Let us think about him more carefully. We see that Theodore was hardly a gray-haired old man, but rather very young. In those far-off days the age of recruits (and the saint’s epithet “the Tyro” in fact means “the recruit”) was often fifteen or sixteen, which today we would call the transitional age, with all the childlike naïveté, openness, purity, lofty impulses, youthful maximalism, active romanticism, and unbridled joy and bravado that go along with it. From his life we see with what zeal Theodore persuaded the other Christians to persevere to the end, how quickly and boldly he set fire to the pagan temple during his furlough and, finally, how straightforwardly and firmly he spoke with the judge.

Theodore came from a noble family. His father likely occupied a very high position. This is evidenced by the fact that senior municipal officials begged Theodore to offer sacrifices at least formally. Very little was required: to throw into the censer standing before the idle several grains of incense prepared by a priest or to eat a small piece of the gifts offered to the pagan deity. This ritual was in most cases only a small formality that bore more of a civic than a religious character. If we recall how many different kinds of formalities, sometimes of a strange or entirely incomprehensible nature, we carry out today, living under one government or another, we can say with absolute certainty that had we lived in those distant days we would have performed this ritual without giving it a second thought – just as the vast majority of those living in the Roman Empire did, among them many Christians. After all, when you do something that meaningless it is very easy to find a convenient excuse for it or to allude to the sinful weakness inherent in everyone, for which we later offer what appears even to ourselves to be genuinely sincere repentance…

Recall that Theodore’s martyrdom took place in 306 A.D., only a few years before the persecution of Christianity ended and then became the state religion. Generally speaking, in those days people already did not particularly believe in the pagan gods they had invented. The officials were willing to forgive Theodore even for the burning of the idol and for his defiant behavior while conversing with the judge. But the young soldier bravely maintained his faith.

For this reason the government officials found themselves in an entirely unpleasant predicament. On the one hand, they had to follow instructions and execute the young Christian, which meant incurring on themselves the wrath of his influential family; on the other hand, failure to comply with the requirements would mean being threatened with imprisonment at the very least. The judge tried to appeal to Theodore’s pride by contrasting Theodore’s position with that of Christ’s shameful death.

In his life of the martyr, St. Demetrius of Rostov writes:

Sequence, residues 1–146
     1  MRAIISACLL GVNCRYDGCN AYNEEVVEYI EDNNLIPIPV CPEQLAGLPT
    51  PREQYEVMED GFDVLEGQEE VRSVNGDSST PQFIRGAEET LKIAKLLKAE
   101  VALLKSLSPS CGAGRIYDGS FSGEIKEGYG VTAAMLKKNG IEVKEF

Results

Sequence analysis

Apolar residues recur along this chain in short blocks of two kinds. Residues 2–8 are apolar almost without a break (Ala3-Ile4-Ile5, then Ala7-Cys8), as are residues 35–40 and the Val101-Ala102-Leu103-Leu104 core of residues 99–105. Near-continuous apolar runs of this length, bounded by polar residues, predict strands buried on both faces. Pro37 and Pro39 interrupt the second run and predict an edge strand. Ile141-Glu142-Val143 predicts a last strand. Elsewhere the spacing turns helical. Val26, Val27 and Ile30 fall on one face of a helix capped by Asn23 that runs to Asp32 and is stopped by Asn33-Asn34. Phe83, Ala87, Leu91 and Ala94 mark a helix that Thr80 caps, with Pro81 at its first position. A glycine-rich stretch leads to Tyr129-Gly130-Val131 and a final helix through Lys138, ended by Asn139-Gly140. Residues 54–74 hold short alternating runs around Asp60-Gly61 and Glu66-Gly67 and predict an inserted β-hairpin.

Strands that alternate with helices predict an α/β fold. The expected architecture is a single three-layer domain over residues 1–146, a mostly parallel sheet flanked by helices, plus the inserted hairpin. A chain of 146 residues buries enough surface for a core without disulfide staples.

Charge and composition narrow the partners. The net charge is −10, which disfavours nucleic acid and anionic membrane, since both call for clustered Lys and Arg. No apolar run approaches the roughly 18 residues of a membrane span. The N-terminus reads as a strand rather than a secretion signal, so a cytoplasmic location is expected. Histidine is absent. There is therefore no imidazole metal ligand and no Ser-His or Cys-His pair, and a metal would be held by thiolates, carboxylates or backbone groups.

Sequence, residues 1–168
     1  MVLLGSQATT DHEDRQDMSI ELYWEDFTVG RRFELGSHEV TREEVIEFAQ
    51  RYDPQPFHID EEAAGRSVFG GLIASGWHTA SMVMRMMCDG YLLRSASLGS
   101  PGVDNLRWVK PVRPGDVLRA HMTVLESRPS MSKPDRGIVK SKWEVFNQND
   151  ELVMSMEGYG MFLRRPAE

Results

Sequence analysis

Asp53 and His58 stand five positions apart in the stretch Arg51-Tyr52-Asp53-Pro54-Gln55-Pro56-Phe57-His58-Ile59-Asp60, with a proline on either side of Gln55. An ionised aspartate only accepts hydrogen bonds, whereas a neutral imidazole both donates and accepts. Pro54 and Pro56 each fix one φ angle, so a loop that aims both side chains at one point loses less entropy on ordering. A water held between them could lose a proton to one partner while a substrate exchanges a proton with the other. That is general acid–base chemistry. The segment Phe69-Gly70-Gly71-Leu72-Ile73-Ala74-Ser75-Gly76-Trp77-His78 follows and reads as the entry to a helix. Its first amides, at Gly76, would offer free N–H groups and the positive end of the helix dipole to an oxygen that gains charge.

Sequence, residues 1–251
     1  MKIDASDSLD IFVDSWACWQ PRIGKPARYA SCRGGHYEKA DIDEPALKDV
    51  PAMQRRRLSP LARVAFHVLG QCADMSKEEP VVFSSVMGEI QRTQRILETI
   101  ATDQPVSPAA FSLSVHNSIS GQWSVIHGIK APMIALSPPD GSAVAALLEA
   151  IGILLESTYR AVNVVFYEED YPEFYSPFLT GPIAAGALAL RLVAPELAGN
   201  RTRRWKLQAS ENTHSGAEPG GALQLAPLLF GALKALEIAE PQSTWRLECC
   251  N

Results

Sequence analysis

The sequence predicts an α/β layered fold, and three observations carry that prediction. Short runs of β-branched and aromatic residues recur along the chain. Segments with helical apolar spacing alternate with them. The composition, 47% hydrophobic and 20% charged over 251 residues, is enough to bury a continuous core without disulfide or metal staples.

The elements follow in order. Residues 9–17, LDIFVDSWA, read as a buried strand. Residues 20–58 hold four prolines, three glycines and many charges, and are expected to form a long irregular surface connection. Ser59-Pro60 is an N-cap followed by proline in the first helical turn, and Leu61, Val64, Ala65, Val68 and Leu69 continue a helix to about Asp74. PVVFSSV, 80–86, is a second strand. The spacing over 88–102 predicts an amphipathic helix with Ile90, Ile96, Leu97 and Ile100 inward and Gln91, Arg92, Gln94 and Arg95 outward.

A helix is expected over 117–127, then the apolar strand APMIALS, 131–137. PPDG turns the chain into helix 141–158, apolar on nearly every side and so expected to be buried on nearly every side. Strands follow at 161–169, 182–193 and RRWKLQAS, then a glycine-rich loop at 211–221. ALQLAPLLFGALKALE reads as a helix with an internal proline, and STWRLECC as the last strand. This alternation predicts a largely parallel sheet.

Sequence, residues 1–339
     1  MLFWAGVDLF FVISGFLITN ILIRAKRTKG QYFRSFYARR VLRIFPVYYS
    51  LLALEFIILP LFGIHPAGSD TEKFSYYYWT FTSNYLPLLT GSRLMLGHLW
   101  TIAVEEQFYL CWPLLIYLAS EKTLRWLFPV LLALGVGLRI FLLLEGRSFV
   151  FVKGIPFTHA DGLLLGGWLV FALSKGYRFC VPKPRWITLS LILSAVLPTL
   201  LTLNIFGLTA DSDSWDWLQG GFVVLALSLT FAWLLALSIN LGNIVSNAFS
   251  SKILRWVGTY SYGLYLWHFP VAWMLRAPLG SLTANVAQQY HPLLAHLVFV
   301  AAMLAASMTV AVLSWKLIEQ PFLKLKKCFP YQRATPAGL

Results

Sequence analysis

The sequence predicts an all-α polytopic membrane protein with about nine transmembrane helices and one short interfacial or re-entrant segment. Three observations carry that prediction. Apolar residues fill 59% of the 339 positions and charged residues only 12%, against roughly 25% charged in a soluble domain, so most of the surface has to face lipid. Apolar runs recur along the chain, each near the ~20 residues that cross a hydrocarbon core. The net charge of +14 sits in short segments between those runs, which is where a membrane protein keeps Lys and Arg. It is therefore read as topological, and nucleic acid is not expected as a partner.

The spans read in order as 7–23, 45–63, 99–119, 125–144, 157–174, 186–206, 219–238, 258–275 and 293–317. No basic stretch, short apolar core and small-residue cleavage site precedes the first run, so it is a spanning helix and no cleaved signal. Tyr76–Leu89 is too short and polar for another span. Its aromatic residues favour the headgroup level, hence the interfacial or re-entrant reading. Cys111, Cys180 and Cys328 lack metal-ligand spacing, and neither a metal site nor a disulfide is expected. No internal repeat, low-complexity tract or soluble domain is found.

“The torturer, astonished by St. Theodore’s courage and endurance, said to him: ‘Are you, the most abominable of all people, really not ashamed to place your hope on the Man named Christ, Who was Himself shamefully executed? Are you really so recklessly exposing yourself to torture for the sake of this Man?’

“The martyr of Christ replied thereto: ‘May such shame be the lot of me and of all who invoke the name of the Lord Jesus Christ!’

“Then the people began to cry out, demanding that St. Theodore’s execution be carried out more speedily.”

But the saint’s martyrdom was not a matter of youthful bravado, as it may seem at first. He was aware of the consequences of his words and actions. In his prison cell he prayed and glorified God; angels were present with him there. One of the last phrases spoken by the martyr to the judge was in response to the latter’s question: “What do you want: to be with us or to be with your Christ?” The martyr replied: “I am and will be with my Christ, and others can do as they please!”

Now it becomes clear why it was namely the Great Martyr Theodore who, roughly fifty years after his repose, appeared to Archbishop Eudoxius. Against the background of someone who sacrificed his life so as not to eat even crumbs of food sacrificed to the idols, the question of whether to sacrifice only the comfort of a pleasant meal for the same reason becomes clear. The archbishop understood this, as did, following his words, his flock in Constantinople.

Very often we read and absorb the life of a given martyr as if it followed a particular scheme that is reasonable and rational. Obsessed with our own reality, our own daily concerns, vanities, parties, and celebrations, we refuse to believe that someone could have renounced everything, simply and firmly saying “no” and accepting death. What fortitude and extraordinary faith, trust, and clarity one must have in order not to be frightened by threats and to sacrifice voluntarily what seems to us the most precious thing we possess: life! How many people today are capable of this?